The Jamaica Constabulary Force’s (JCF) most recent crime data has confirmed that there has been a four percent annual increase in homicides in Jamaica.
Over the past 20 years, Jamaica has only recorded fewer than 1000 murders once, back in 2003. With four months to go, 2022 is set to surpass that number, with the year’s current murder rate just 18 homicides away from reaching 2003’s overall total.
Reports from the Jamaica Star state that with 132, 94, and 89 murders recorded respectively, St. James, St. Catherine North, and Westmoreland are the top three most violent police divisions since January. The data again declared Portland the country’s safest parish, with only eight murders recorded. In June, amid an increase in crime across the island, the commanding officer for the Portland police division, Superintendent Kenneth Chin, attributed the lower crime rate to the excellent relationship between the police and the residents of the parish. The parish’s major crimes, including rape, murder, burglary, and shooting, had an exemplary 100 percent clear-up rate at that time.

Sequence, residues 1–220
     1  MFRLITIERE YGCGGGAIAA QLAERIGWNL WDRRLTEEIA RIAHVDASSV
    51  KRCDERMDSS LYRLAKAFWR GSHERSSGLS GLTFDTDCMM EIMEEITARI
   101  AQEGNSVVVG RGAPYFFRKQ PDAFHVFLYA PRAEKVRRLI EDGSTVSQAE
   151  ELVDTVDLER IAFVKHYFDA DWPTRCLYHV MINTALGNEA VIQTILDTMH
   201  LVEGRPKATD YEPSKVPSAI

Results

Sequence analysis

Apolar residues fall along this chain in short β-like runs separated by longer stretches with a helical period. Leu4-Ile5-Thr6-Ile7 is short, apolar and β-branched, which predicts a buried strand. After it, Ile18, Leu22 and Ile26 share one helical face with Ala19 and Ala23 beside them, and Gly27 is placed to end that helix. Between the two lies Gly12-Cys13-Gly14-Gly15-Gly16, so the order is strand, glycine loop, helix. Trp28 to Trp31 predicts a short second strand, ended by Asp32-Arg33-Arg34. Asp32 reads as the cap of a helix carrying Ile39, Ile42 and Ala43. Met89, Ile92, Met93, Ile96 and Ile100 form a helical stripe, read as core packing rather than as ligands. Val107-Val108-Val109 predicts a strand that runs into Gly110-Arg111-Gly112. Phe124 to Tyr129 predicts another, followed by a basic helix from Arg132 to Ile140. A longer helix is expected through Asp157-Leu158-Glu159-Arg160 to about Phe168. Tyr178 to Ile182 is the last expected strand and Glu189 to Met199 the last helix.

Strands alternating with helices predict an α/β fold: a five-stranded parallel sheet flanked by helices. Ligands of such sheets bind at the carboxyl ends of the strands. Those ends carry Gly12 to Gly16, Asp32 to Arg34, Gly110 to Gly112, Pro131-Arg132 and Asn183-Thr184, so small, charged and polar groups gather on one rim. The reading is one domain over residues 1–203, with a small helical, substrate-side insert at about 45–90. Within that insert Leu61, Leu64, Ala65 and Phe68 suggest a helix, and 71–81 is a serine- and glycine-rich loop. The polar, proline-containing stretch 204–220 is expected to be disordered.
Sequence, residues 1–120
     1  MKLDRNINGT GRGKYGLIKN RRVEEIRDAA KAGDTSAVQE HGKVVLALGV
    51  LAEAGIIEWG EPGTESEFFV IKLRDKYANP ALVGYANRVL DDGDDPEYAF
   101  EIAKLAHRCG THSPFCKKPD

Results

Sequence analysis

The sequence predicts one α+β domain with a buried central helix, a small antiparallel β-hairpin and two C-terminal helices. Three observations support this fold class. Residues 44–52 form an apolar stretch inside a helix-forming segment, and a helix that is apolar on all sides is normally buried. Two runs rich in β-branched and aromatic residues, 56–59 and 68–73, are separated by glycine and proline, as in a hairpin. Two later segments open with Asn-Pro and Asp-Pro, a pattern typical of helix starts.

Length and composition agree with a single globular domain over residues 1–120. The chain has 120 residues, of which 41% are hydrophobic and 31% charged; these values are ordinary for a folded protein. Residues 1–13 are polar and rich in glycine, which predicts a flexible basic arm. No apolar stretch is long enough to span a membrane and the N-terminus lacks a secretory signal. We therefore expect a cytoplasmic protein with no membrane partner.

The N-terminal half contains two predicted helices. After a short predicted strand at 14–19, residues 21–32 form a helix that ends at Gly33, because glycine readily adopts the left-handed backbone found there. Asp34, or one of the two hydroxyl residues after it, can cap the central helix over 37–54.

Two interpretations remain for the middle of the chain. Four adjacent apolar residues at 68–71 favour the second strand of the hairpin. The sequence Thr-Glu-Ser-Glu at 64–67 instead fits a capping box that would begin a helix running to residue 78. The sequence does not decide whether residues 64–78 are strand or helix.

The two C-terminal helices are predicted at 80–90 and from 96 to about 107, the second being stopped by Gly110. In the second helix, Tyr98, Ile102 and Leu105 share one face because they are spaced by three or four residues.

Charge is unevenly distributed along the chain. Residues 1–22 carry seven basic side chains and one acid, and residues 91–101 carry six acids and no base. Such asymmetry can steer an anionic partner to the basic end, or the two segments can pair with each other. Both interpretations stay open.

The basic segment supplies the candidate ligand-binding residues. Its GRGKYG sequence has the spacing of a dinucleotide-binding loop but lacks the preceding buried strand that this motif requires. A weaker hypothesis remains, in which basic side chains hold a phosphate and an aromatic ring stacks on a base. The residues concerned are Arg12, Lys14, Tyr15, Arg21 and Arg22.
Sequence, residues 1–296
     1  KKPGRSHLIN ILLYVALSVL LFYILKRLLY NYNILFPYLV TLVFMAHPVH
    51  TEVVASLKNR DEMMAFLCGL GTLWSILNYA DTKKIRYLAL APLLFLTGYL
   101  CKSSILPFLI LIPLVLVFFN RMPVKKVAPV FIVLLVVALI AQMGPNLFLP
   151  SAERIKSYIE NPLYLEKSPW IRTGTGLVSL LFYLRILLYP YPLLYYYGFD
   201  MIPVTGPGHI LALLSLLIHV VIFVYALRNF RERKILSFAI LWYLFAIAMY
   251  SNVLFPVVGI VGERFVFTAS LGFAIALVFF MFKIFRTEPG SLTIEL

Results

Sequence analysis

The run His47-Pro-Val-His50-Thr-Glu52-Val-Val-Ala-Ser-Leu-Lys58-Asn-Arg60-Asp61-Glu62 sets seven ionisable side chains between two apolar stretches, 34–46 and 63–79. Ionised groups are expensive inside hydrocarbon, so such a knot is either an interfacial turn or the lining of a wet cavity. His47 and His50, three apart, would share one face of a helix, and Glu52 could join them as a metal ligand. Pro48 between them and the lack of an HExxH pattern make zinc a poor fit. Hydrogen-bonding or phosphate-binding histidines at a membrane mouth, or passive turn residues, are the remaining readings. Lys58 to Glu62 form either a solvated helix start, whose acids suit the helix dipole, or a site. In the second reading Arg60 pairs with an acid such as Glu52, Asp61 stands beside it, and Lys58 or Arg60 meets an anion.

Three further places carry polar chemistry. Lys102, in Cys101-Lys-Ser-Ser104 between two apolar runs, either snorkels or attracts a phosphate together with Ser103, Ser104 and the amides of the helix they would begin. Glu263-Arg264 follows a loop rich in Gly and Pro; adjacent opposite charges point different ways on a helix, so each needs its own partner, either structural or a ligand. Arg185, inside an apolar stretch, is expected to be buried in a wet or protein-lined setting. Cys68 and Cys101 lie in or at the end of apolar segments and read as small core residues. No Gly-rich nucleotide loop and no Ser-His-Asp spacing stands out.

The parishes of Trelawny, Hanover, and St. Elizabeth have also recorded a relatively low number of murders since the beginning of the year, with a total of 26 murders per parish.
According to statistics, the number of shootings has declined by 4.9 percent, with the St. Andrew South division recording the highest number, 89, followed by Westmoreland with a total of 84.
Compared with 2021, the period shows a decline of 58 cases in the number of recorded rapes. Of the 256 rapes recorded, the majority, 32, was from St. Andrew North and the least in St. Mary and Kingston Central, with three incidents each.
Break-ins and robberies have increased by 5.2 and 13%, respectively. A total of 625 break-ins were reported, the least coming from the police divisions in Kingston. A total of 582 robberies were recorded, with seven out of 19 police divisions reporting a decline. Manchester, recording the highest numbers of robberies and break-ins, had 75 and 114 respectively.
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